This article is somewhat a sequel of my thoughts about the Wannacry case.
The NSA relies on a large database of undisclosed and unfixed software vulnerabilities database to allow them to hack their way into any system either deemed hostile or useful for their intelligence gathering. As explained by explained by the former NSA director Michael Hayden:
If the agency thinks that no one else will be able to exploit a vulnerability, it leaves the problem unfixed to aid in its own spying efforts.
It is only if the NSA estimates that the exploit may be known to someone else, and therefore represents a potential risk to the US safety, that they will inform the vendor for the vulnerability to get fixed.
It may happen that sometime this process gets a hiccup, with a vendor interfering with NSA activity like it most probably happened to Microsoft with the MS08-067 case. Microsoft detected that an unidentified attacker was using a unknown vulnerability in Windows to get access to systems located in Asia. Microsoft provided a corrective and massively urged their customers to apply the associated update.
I may be speculating, but it seems reasonable to me to think that Microsoft and the NSA should then be working closely in order to better protect their mutual interests without stepping on each other’s toes. Such cooperation can follow various routes:
Despite regular claims such as “we do not provide any government with the ability to break the encryption” or “our products do not contain back doors”, the past proved that Microsoft accepts to put backdoors in their system as per request from allied governments, as shown by the infamous Microsoft KB article KB955417 published in 2008. The KB article itself has recently been retired from Microsoft website, only the associated updates remain available, so here is the KB content:
To make sure that the product was available to the French market in a synchronized manner with all locales, Microsoft chose to disable the encryption of Protected Storage by using a single, fixed encryption key for the French locale.
This is then what a real-life vendor backdoor in an operating system would look like. Some may argue this is old story, but Microsot also does this with their multiple online services (bypassing users data encryption here again, it is at this occasion that the NSA praised Microsoft stating how “collaborative teamwork was the key to the successful addition of another provider to the Prism system”) and the recent leak of a “golden key” made a backdoor to turn back against themsleves (and all their users). Microsoft is not the only one to implement such kind of feature, and the NSA is known to actively pay cooperating companies to comply with NSA’s surveillance program or, even worse, to include NSA-designed flaws in their products.
The NSA may inform Microsoft about vulnerabilities they find with Microsoft commitment to not fix them until otherwise noticed. This allows the NSA to avoid an issue as mentioned above of Microsoft fighting against an “unknown attacker” which may be the NSA itself working for US interests, and this allows Microsoft to prepare fixes in advance in case things may go wrong.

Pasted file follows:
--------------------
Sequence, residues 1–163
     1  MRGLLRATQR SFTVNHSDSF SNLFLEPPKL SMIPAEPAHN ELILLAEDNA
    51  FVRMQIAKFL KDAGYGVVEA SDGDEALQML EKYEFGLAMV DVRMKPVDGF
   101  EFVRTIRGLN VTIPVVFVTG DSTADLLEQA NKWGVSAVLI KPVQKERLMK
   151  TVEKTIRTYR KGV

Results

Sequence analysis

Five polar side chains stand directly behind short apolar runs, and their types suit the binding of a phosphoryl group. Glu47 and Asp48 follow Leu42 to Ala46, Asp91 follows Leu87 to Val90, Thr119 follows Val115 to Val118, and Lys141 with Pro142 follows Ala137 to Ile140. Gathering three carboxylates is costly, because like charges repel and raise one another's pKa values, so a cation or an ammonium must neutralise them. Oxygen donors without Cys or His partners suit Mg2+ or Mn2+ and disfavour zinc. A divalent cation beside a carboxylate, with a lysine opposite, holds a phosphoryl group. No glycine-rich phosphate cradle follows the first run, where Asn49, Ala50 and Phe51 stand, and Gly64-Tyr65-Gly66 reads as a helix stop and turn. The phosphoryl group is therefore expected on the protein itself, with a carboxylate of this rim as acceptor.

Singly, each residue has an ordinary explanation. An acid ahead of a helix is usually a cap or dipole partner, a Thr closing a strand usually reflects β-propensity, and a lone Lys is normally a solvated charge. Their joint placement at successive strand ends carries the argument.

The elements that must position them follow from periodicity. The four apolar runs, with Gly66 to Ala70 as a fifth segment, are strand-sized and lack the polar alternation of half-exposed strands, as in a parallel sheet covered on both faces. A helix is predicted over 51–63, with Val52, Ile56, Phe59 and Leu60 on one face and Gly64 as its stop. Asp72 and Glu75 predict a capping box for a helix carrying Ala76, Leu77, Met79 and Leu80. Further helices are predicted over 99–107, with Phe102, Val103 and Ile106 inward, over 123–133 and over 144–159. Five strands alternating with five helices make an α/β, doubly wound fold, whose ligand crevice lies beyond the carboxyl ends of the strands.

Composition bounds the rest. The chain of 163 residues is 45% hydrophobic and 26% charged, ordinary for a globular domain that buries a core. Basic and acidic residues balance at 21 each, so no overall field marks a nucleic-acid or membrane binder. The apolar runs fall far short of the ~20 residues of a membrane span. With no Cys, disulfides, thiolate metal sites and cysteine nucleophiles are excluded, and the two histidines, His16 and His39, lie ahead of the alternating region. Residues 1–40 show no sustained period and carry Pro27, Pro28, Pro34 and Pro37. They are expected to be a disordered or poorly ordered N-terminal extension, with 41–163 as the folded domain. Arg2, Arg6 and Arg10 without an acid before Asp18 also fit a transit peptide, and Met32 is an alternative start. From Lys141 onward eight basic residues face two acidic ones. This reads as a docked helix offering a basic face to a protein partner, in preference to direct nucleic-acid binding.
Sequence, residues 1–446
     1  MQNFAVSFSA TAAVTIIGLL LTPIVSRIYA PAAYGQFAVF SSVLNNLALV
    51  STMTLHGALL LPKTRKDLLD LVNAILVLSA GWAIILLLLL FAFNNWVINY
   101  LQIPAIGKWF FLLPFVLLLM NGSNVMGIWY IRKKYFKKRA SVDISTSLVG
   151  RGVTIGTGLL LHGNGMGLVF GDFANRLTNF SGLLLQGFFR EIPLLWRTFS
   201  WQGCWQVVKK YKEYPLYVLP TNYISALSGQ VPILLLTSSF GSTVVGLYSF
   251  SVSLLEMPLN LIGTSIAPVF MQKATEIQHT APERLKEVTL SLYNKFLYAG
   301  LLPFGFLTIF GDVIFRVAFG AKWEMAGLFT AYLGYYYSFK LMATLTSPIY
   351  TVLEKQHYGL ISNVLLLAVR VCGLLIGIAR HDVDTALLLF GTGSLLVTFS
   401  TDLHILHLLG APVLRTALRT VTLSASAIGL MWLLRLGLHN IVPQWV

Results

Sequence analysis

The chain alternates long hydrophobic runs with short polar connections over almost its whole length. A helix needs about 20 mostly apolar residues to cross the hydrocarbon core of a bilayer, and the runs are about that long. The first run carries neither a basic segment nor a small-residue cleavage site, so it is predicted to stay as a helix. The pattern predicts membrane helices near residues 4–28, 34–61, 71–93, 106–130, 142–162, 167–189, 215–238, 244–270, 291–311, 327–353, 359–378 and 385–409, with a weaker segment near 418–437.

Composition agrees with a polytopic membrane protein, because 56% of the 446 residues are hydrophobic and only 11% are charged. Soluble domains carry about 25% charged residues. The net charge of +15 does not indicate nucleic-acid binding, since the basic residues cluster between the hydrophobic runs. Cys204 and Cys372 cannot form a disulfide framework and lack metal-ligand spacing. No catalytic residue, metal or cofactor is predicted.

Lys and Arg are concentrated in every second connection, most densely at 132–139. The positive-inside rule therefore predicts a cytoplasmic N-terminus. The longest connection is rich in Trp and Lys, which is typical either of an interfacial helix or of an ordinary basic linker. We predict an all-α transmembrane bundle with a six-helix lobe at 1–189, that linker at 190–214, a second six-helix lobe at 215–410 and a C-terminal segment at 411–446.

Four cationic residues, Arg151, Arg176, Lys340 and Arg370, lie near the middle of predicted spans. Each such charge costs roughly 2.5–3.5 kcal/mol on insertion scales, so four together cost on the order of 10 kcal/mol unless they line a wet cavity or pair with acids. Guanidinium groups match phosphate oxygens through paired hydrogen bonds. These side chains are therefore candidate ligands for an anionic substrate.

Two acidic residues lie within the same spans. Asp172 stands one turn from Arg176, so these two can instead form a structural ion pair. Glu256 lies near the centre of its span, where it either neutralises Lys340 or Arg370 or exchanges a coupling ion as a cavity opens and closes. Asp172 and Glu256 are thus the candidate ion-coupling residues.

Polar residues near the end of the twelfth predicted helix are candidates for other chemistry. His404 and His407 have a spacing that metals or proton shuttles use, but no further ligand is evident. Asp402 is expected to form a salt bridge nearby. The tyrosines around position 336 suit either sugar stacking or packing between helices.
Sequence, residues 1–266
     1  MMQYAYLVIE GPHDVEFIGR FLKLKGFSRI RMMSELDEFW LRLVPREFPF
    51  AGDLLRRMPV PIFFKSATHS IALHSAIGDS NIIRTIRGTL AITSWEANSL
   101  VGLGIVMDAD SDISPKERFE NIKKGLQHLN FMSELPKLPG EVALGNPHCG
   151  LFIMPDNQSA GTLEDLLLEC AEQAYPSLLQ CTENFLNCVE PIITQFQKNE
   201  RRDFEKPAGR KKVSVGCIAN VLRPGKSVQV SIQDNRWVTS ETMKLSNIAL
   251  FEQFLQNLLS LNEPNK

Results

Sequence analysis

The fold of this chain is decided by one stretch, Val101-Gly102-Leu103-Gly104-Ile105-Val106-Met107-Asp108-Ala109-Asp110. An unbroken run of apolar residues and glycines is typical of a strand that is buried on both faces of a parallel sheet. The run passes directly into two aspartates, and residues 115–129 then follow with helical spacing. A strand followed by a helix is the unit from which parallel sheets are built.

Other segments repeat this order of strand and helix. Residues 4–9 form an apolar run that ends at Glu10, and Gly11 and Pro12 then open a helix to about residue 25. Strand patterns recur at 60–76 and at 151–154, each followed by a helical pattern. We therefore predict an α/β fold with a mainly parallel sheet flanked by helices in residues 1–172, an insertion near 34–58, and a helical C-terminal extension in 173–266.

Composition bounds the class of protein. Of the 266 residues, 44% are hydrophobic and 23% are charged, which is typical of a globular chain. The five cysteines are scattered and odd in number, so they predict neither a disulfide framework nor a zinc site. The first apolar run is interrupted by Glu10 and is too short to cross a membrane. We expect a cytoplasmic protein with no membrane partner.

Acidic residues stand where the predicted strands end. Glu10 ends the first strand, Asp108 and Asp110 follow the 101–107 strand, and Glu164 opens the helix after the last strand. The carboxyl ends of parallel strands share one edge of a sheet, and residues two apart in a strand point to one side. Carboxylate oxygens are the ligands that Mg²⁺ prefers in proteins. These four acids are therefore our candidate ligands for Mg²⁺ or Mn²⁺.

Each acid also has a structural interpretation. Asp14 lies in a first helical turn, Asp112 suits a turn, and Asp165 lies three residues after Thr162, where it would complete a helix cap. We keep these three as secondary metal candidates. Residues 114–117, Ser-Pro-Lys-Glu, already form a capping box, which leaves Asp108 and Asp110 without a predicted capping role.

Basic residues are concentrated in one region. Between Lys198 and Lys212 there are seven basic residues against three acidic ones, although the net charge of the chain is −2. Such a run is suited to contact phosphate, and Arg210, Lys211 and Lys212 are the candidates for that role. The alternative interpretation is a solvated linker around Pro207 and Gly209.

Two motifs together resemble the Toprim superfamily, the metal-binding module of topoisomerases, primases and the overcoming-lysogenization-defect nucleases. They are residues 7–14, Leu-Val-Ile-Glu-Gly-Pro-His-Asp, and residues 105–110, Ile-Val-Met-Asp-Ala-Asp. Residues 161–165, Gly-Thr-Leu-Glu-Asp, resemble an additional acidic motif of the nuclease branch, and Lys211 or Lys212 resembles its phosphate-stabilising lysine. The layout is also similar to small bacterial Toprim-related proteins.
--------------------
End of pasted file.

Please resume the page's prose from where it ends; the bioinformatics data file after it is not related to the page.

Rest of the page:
This collaboration however does not seem to work how it should be (see the February Patch Tuesday cancellation which should not have happened) and Microsoft seems (at last!) to adopt a strong discourse regarding the current situation:
Finally, this attack provides yet another example of why the stockpiling of vulnerabilities by governments is such a problem. […]
Repeatedly, exploits in the hands of governments have leaked into the public domain and caused widespread damage. An equivalent scenario with conventional weapons would be the U.S. military having some of its Tomahawk missiles stolen. […]
The governments of the world should treat this attack as a wake-up call.
Let’s just hope that these are not more empty words, as this goes along the line with the discourse of multiple security researchers who are, for years, already raising the danger caused by not fixing known vulnerabilities and pointing NSA’s overconfidence in their ability to determine other actor’s ability to discover, acquire and/or use NSA known vulnerabilities.
Some security companies and agency used to consider themselves out-of-reach. The risk for opponent to breack into their system and, not only acquire their data, but also publicly use it was perceived as a purely theoritical risk. The NSA, the CIA, Gamma, Hacking Team, and the list goes on: all these are concrete examples that this risk is now anything but theoretical.
The Shadow Brokers shows us a glimpse of the practical consequences of neglecting this risk, not in the diplomatic sphere but this time in the real, physical world.
As stated by Edward Snowden:
This weekend, NSA’s tools attacked hospitals.
Schneier already warned us:
There’s something going on inside the intelligence communities in at least two countries. […] We have no idea why, or where it will go next, and can only speculate.
We can speculate, but we can also hope:
- As a security professional or enthusiast, we can hope that the private and public organizations will go toward cleaner IT sanity measures and responsible IT management, and that people always remember that the “virtual world” is not limited to the space of your screen but that every action may have a direct impact into other people lives.
- As a citizen, we can hope that our governments will put their arm wrestling on hold: what last years was an information disclosure became a global cyber-attack with dramatic consequences in certain cases today. We can hope that they will instead act responsibly not to win a power demonstration outbid but to ensure people safety which should have always been their main goal all along.